The Iranian general Mohammad Hossein threatens the US naval contingent in the Persian Gulf that if provoked, Iran will incur massive destruction to American warships. This is after numerous minor clashes between the US and a few Iranian coast guard vessels recently.

Iran threatens the use of heavily armed speedboats to deliver death and destruction to the US fleet

General Hossein said in an address made in Teheran's Malek Ashtar University that the main weapon of the Iranian navy against the US is its speedboats. These highly agile vessels capable of 110 knots are said to able to destroy modern vessels of the United States in the Persian gulf.

These speedboats, General Hossein added, are agile and can easily hide under the radar as it approaches U.S. vessels. The tough statement made by the general is a response to the perceived antagonistic US stance over the victory of the Islamic revolution in the recent elections in Iran.

What is the US response to Iran naval threats?

US-Iran relations have grown tensed especially during Trump's attack on Assad's forces in Syria, which is an ally of Iran. Aside from this, Trump's stance on Iran strikes concern on the newly elected Iranian regime, especially the possible rescinding of Obama's nuclear deal.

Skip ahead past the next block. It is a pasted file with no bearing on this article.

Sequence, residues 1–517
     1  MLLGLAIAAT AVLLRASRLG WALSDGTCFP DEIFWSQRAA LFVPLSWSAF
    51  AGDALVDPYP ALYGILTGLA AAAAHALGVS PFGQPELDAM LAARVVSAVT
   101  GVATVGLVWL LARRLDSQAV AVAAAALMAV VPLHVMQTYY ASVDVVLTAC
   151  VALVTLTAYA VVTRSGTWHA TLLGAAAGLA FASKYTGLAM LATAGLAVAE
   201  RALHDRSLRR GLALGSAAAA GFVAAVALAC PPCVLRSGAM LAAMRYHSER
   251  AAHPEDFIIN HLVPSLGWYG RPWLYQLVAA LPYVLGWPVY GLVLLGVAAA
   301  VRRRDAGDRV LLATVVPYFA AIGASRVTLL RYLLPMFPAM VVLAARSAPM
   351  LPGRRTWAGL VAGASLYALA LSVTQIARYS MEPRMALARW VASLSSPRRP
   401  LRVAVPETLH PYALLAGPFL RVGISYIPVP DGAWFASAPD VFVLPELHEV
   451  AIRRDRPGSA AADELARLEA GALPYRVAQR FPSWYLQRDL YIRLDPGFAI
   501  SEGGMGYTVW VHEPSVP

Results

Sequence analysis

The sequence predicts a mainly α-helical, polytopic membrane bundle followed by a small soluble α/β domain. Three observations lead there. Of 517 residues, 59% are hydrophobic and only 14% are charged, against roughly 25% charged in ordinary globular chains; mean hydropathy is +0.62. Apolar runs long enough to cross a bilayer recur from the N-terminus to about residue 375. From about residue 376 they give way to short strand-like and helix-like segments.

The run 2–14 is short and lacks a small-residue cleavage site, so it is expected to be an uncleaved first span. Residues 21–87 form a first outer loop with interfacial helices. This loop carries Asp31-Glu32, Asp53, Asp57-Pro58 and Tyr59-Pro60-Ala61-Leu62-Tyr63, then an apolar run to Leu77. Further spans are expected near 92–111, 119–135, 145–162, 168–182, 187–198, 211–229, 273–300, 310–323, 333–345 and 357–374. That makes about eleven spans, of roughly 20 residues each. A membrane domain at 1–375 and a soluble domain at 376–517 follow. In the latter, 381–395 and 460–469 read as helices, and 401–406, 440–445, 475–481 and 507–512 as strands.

Iran has long been regarded by the US as among the problematic countries in the Middle East.

Its nuclear program, which continues to be a threat to the stability in the region continually tests the diplomatic patience of the United States, especially under the Trump administration.

During Obama's term, the Iran deal was a breakthrough in the diplomatic impasse between the two countries. However, upon Trump's enter into office, the progress with Iran may be in jeopardy.

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How will Iran affect US position in the Middle East?

Obama's controversial trade deal with Iran is one of the major achievements that Trump wants to dismantle. Obama's deal entails allowing Iran to continue nuclear energy research with strict sanctions on developing weapons of mass destruction. Obama argues that the deal was a needed compromise to hamper Iran's progress in acquiring the means to develop a nuclear bomb.

Through Obama's deal, Iran will be given limited freedom to manufacture and develop nuclear energy but requires regular inspections coming from the UN to ensure weapons of mass destruction are not being made.

Trump does not favor such a compromise and will most likely renegotiate the deal in favor of the previous sanctions Obama had lifted. For Iran, the new U.S. president is not good news and may spark antagonistic sentiments between the two countries once again.